We can also look at social media to dispute the idea that democracy is no longer of interest! Social media is peer directed, stimulating youth political engagement and can be used to bring politicians and parties closer to their potential votes without the mass media ‘middle man’. In addition, it raises awareness of what’s going on at home and abroad providing a forum for political discussion. Citizens can now circulate, create, collaborate, and connect on a political issue they see on their feeds or timelines. New media politicises the already disengaged generation of youth and provides much needed alternative forms of engagement as a result of lack of access to or scepticism surrounding many governmental or institutionalised forms of participation, which then magnetises them to more accessible or informal forms of engagement. The familiarity of new media to my generation has restructured methods of political communication by influencing how politicians interact with citizens and has enabled youth to understand which elements of democracy they find satisfactory, personalising it to themselves.
Briefly put, Robert Putnam argues people are less willing to trust one another because less time is spent getting to know each other in local surroundings, and if we are less willing to trust those around us, then this could lead us to becoming less trusting of those that take decisions on our behalf. A 2012 poll saw 51% of 1000 adults asked state they do not think Nick Clegg is trustworthy contrasting with 24% before he went into office, whilst 54% thought the same of David Cameron. There has been a disillusionment surrounding party politics, the two main parties often go at loggerheads and engage in personal attacks as seen throughout the 2015 general election debates, spew ‘broken promises’, and are vilified by the media’s focus on Westminster sleaze and scandals. These negatives coupled with pursuit for transparency, have produced a decrease in trust (and possibly like) of government or party leaders, which is damaging to turnout levels. For example, in December 2000, Blair’s 1997 satisfaction rating of 82% plummeted to 49%. This coupled with the 61% who found him not trustworthy in April 2005 could explain the 47 seat decrease Labour suffered in the next general election.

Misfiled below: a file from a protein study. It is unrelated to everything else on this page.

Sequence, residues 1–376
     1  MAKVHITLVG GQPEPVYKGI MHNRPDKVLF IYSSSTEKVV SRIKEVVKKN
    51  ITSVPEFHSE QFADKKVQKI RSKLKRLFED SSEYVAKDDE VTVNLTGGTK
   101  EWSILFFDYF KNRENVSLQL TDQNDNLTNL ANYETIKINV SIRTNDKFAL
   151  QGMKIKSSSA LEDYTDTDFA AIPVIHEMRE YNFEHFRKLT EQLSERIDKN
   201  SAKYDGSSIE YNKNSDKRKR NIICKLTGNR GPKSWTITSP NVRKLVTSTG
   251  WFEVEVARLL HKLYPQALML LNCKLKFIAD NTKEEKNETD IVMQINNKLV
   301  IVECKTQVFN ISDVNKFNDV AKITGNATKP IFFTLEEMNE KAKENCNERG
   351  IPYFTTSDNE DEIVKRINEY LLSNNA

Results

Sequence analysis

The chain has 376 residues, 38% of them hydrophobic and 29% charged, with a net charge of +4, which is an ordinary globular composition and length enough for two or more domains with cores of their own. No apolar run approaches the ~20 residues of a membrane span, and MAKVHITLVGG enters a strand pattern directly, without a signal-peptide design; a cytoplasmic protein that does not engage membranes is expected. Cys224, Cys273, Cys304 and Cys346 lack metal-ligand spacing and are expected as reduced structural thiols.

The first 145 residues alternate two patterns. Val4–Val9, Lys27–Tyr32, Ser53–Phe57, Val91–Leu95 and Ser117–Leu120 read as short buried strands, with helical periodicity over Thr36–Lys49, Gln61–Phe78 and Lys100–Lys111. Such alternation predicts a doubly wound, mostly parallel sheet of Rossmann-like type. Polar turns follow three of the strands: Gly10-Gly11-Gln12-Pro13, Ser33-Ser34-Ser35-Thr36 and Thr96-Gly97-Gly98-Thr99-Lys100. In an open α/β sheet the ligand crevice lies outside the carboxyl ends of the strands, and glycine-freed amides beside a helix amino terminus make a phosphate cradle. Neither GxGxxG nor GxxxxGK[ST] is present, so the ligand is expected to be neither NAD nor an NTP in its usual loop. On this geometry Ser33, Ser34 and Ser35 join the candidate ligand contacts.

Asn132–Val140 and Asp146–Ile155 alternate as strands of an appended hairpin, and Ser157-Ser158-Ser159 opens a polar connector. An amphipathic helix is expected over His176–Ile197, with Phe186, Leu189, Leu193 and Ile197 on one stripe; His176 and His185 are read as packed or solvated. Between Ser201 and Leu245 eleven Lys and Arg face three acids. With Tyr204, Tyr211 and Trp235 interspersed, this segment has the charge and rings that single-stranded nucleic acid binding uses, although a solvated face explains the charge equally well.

Socioeconomic disparities within Parliament, especially the Commons, , can leave minority groups feeling severed and unrepresented by the chamber that is supposed to be most representative, when compared to the electorate. For example, differences in education; with 90% of MPs being university graduates, compared with 20% across the adult population or over a third having attended fee paying schools, compared with less than 10% of the adult population. Ethnic minorities make up a low 4% of the House, whilst women make up 22%. Democracy inherently disadvantages minorities, placing the will of the majority supreme, resulting in tyranny. Although this could deter groups from participating in elections, it does not deter other political activity despite how disruptive it may be, e.g. the London Riots of 2011. Those on the edges of society, who felt unheard vented their frustration as a “riot is the voice of the unheard.”
So finally, I say that the British public cannot be deemed to be increasingly uninterested in democracy as a result of low turnout, despite democracy being reliant on the mechanism of regular free and fair elections. Ills within the political infrastructure such as electoral disproportionality or HoC/HoL socioeconomic disparities heavily discourage involvement. Yet activity external to the ballot box is on the rise signaling the desire to take democracy into one’s own hands exhibiting that democracy is still much sought after and the British public does indeed remain interested.